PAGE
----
The call history user interface and the voicemail user interface are typically separated because if the two lists were combined, voicemail elements may be pushed so far down on the merged list that the user would not see the voicemail elements and consequently may not review the voicemail elements. It may be more important for users to be able to review voicemail elements than incoming, outgoing, or missed call elements. At the same time, users logically associate voicemails with missed calls. Thus, it may be non-intuitive to separate missed call elements from the voicemails associated with the missed calls.

SUMMARY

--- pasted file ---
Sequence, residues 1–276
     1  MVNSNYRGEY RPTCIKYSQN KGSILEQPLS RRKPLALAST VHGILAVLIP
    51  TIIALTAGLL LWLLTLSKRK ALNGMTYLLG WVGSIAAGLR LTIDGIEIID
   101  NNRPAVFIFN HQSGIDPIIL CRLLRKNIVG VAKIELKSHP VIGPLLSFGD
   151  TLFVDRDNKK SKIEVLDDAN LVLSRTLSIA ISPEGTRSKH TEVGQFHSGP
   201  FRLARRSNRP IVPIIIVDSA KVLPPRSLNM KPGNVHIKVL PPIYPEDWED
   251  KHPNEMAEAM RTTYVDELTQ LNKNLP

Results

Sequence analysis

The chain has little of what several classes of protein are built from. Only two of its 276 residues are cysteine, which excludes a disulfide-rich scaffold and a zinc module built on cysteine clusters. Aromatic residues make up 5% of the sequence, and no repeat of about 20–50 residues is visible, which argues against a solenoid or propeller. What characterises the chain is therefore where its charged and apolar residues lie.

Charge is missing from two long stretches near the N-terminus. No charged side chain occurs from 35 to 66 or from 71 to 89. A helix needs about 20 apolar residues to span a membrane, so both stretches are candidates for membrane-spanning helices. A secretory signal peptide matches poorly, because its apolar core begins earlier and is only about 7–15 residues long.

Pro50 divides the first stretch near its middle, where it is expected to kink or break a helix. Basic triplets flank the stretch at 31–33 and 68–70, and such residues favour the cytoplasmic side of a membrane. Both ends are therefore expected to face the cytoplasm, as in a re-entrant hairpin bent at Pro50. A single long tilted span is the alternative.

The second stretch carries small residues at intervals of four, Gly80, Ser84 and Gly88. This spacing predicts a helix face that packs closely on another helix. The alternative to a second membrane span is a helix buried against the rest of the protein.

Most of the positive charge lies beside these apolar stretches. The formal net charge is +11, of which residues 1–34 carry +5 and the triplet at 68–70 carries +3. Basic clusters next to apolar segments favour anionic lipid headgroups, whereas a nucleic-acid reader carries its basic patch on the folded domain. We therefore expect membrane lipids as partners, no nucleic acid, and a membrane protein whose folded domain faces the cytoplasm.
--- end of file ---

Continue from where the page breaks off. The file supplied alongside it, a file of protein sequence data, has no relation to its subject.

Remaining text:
This disclosure describes a call history graphical user interface (GUI) displayed on a display device. The call history GUI concurrently displays a new list and an old list. GUI elements in the call history GUI are divided among the new list and the old list. The GUI elements include missed call elements. Each of the missed call elements corresponds to one or more missed calls. Furthermore, if a missed call corresponds to a voicemail, the missed call element that corresponds to the missed call indicates the existence of the voicemail. The new list includes GUI elements that correspond to new missed calls and to missed calls associated with unopened voicemails. The new missed calls are calls occurring after a most recent previous time that the display device displayed the call history GUI. The old list includes GUI elements that correspond to old missed calls and to opened voicemails. The old missed calls are calls occurring before the most recent previous time that the display device displayed the call history GUI. By presenting the new list and the old list in the same GUI, the GUI may group together missed call elements with corresponding voicemails while at the same time prominently showing the user items that are likely to require the user's attention.